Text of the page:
the problem is, that right now you have a market of X where 80% of them play marines, with a non marine centric approach, you might maybe have a market of 2X where 40% play marines, and you would get, a bigger fan base, diversify your sales making you less sensible to changes, and probably makign more profits.

but points as how risky the inversion is, are to be taken into account too...

and there is the point of view of marketing too...

taking all into account is hard to say if the decision so far is good or bad, but based on my little experience and study I would say that on the long run, is a bad business decision.

Without access to GW's full financials AND their market segmentation data, you really can't say anything other than GW sure believes that their SM saturation strategy is the best strategy.

I can say that I have secondhand knowledge of GW's marketing plan (at least the plan as of 2 years ago) and the folks here who have hypothesized that GW are focusing on younger buyers are largely correct. Given that, I'd be willing to bet that GW has marketing and focus-group data that show that the uber-human paradigm is more appealing to their target age group then other concepts; hence, the preponderence SM codeces makes perfect sense.

Dead7
24-07-2010, 04:19
sure sm sell the best, but too much will (and possibly is) creating a backlash from their older base. i can not see 40k being successful on kids alone.

night2501
24-07-2010, 04:51
Without access to GW's full financials AND their market segmentation data, you really can't say anything other than GW sure believes that their SM saturation strategy is the best strategy.

I can say that I have secondhand knowledge of GW's marketing plan (at least the plan as of 2 years ago) and the folks here who have hypothesized that GW are focusing on younger buyers are largely correct. Given that, I'd be willing to bet that GW has marketing and focus-group data that show that the uber-human paradigm is more appealing to their target age group then other concepts; hence, the preponderence SM codeces makes perfect sense.

yes, is true, i m just assuming, i donīt have any hard data to support what I say, so i m exploring this from a general point of view and the usual strategies used in the market, and the common ideas used in economy, and form this point of view GW decisions do not look that good.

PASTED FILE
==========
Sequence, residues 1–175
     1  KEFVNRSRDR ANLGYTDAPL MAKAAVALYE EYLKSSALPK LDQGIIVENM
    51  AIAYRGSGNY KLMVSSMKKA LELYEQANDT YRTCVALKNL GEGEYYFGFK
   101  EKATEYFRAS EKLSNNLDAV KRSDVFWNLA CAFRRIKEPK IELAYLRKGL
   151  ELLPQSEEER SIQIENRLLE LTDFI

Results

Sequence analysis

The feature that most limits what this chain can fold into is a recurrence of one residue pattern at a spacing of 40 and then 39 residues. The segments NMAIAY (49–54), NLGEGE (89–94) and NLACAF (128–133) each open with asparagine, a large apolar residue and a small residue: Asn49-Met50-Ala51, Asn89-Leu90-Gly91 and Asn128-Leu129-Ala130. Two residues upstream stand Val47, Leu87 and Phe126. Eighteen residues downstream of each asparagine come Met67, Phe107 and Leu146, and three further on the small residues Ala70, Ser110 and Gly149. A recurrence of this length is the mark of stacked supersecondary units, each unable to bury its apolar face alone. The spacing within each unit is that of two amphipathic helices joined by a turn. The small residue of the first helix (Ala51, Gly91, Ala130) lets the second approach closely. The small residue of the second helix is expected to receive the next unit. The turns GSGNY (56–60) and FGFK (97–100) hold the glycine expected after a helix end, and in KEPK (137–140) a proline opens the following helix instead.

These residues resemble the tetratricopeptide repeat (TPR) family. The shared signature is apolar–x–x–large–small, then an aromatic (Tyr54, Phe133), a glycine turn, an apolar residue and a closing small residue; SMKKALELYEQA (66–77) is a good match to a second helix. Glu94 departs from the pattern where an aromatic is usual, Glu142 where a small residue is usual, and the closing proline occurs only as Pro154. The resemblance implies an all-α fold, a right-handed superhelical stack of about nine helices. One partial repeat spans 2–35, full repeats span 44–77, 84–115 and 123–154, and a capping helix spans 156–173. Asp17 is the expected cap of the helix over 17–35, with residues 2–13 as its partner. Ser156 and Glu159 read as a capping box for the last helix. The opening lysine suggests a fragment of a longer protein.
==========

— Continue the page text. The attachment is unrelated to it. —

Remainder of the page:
now the decision to focus on younger players is that a decision, not data supporting the fact, they did take that decision with some data to back it up, like focus group that another story, but it would be more interesting to know how or why they choose the younger segment.
-did they notice the younger segment wanted marines, and since they had marines they where going marinecentric decided to focus on this group?
-did they decided to focus on a younger group and notice marines where more well liked? , how did they described the different armies, this would make a great different in a study with youngsters.

and on other points
was this focus group taken form a very particular segment and form just one nation, did they do the focus group only on the nation of the biggest sellers, did the focus group had access to GW propaganda?

focus group and all are good but you must know how to interpret the results, specially since GW has been marine centric for far longer than a couple of years, and also this only make more evident what I been saying so far.

this only makes you really sensible to changes in the target market!, ok you aim for the younger market, but you do not intend to keep most of them on the long term, yes you sell a lot of new minis for each new generation, most of them marines, if ONE generation, does not like marines for X motive but like tyranids for example, your whole market crumbles right there, ok it might just go down.

and on the long term there WILL be changes.

again I think GW strategy is ok as a short term strategy but fails on the long term, so i would expect to see a change on strategy soon...

but well all this are just opinions...

FabricatorGeneralMike
24-07-2010, 05:40
When I worked there marines/chaosmarines, outsold every other 40k army put together. This was true for most of Canada. I don't know how it is in the rest of the world, but if you give it to them; they will buy it.

Personally, I have a SoB army, I would love to do a Elysian army, and I would like to get around to doing a Crimson Fist army. Either Vet heavy, or just after the heresy around the time after the Iron Cage. I think that would be rather neat IMHO. Of course YMMV ;)

barrangas
24-07-2010, 05:59
I think I'm going to try to shut this thread down. I wanted to see if people thought that marketing several very similar SM codexes was profittable or not, and hopefully scare up some info on it. It's degenerated into whether or not GW should market SM any more or less, which wasn't what I wanted. Thanks for the imput though.